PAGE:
Although hurricanes, earthquakes, and sinkholes get the majority of the attention in the news, the vast majority of insurance claims deal with water damage to property. These claims are generally broken into two categories – flood damage and water leak/seapage damage. Flood claims revolve around damage caused by “rising water”, as opposed to other types of water losses which could come from leaky pipes, water blown through windows as the result of a storm, or overflow from appliances.
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With regard to the avoidance of damage caused by a flood – well, that’s between you and Mother Nature. With regard to protecting your property from other types of water damage, you may find the following tips helpful:
1. Know the location of water valves. Make sure everyone knows where the main valve is located and how to turn the water off.
2. Monitor utility bills. An unusually high water bill could signal a water leak.
3. Turn off water before traveling. Turn the water off at the main valve or directly on major appliances. Consider leaving a house key and contact information with a neighbor or trusted friend and ask the person to check the inside and outside of your home periodically while you are away
4. Inspect your home regularly for signs and sources of moisture. After a storm or rain shower, check for water stains or odors inside your house. Create a maintenance schedule to check the following sources of water leaks on a regular basis:
Hot water heaters – Hot water heaters may rust or develop cracks over time. Check your water heater for rust and deterioration every year. Check the drain pan for water and ensure that the drain line for the overflow pan is not clogged. Drain and clean the water heater as recommended by the manufacturer.
Garbage disposal – Routinely check for cracks or other sources of leaks.
A/C drain lines – Damage can occur when the line that drains condensation from the evaporator coils becomes clogged and water overflows from the drip pan. Periodically check the drip pan for water and consider an annual service call to reduce the buildup of algae and mold in the drain line.
Indoor and outdoor pipes and faucets – Routinely check indoor pipes under cabinets and sinks for leaks, rust, and any signs of deterioration. Minimize the potential for water damage from frozen and broken outdoor pipes by insulating supply lines (in attics, crawlspaces, and exterior walls), protecting exposed outdoor faucets, sealing gaps in exterior walls, and maintaining adequate heat in your home.
Appliance hoses – Broken hoses are among the most common causes of water damage. Regularly inspect hoses and hose fittings on washing machines, icemakers, and dishwashers for kinks, cracks, bulges, or deterioration. Replace standard rubber washing machine hoses every two to five years or more often if they are showing signs of wear. Consider using steel-reinforced hoses for longer life.
Showers, tubs, sinks, toilets, windows, and doors – Water leaks around bathtubs, showers, sinks, and toilets can cause damage because the leak is often out of sight. To prevent leaks, make sure you have a watertight seal of caulk around tubs, sinks, toilets, tubs, shower stalls, windows, and doors. Cracks or mold on caulk or tile grout may indicate that you do not have a watertight seal. Remove all caulk or grout, clean and dry the surface thoroughly, and apply fresh caulk. Do not apply new caulk or grout on top of the old materials.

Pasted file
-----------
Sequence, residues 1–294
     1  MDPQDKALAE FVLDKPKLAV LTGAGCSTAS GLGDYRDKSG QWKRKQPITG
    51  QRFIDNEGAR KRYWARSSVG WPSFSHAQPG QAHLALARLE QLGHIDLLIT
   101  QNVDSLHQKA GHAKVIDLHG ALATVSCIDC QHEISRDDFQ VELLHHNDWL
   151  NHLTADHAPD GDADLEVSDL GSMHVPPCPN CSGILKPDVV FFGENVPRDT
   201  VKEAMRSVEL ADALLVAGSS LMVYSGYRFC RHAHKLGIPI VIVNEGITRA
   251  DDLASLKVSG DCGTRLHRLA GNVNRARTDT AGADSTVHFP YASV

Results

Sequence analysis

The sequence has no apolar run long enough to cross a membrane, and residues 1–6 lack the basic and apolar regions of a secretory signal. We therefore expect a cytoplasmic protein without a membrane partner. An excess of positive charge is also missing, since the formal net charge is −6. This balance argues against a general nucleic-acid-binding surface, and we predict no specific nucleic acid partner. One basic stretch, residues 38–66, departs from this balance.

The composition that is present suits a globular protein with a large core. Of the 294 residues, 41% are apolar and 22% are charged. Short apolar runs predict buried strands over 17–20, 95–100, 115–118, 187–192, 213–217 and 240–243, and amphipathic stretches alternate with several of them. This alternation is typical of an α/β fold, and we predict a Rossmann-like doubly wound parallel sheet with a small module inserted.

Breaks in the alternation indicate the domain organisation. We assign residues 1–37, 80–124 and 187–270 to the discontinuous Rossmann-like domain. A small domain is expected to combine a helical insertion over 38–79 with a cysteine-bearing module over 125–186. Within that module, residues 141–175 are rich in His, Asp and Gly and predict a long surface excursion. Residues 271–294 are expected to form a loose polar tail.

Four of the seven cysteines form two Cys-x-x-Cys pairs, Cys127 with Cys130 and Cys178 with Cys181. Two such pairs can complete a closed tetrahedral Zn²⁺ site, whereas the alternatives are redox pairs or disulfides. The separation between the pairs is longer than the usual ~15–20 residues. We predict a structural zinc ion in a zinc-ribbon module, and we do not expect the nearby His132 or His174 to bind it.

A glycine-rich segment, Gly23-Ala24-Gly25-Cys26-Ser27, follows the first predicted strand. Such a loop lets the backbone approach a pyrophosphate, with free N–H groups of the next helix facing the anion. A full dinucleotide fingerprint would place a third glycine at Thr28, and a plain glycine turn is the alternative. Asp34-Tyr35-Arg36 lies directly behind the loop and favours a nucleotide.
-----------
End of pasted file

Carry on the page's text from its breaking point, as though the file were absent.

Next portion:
Attics and ceilings – Routinely check for wet insulation and water stains.
Wallpaper – Routinely check for bubbling, peeling, and stains.
Roofs – Keep roofs free of debris that can damage roofing and allow water to seep in. Trim tree branches to prevent them from rubbing and damaging the roof.
Repair missing or damaged shingles – Properly seal any cracks around chimneys, skylights, and vents. Check metal flashing for holes, cracks, or other damage. Replace flashing or use silicone caulk to seal any openings.
Rain gutters and downspouts – Direct rainwater away from your home. Keep gutters clear and make sure downspouts are long enough to carry water away from your foundation. Gutters that are filled with leaves and other debris allow water to back up on the roof, which can result in water damage to eaves and roofing material.
Sump pumps – Sump pumps are the first line of defense in preventing water from seeping into basements. Periodically check the sump and remove any debris that could clog the pump. Consider installing a battery-powered backup to protect your basement during power outages.
Landscape – Yards should slope away from the house to prevent puddling near the foundation or under pier and beam houses. Do not allow sprinklers or sprinkler heads to soak the exterior of your house.
Trust me – with regard to water damage, an ounce of prevention is worth a pound of cure. A few years ago, we had a water leak at our house that resulted in our being out of the home for over 77 nights! One tiny valve behind a toilet in my daughter’s bathroom broke free while we were on vacation and the resultant leak destroyed the hardwood flooring throughout our entire house and even seeped up the walls for approximately three feet! Even with the best preparations, accidents may be unavoidable. Therefore, it is vitally important that you verify that you have sufficient coverage on your homeowner’s insurance policy to protect you from water damage. If you have any questions regarding your insurance policy or what coverages it may provide, you should contact an insurance claim lawyer to examine your policy and explain what benefits your policy may provide for this type of loss.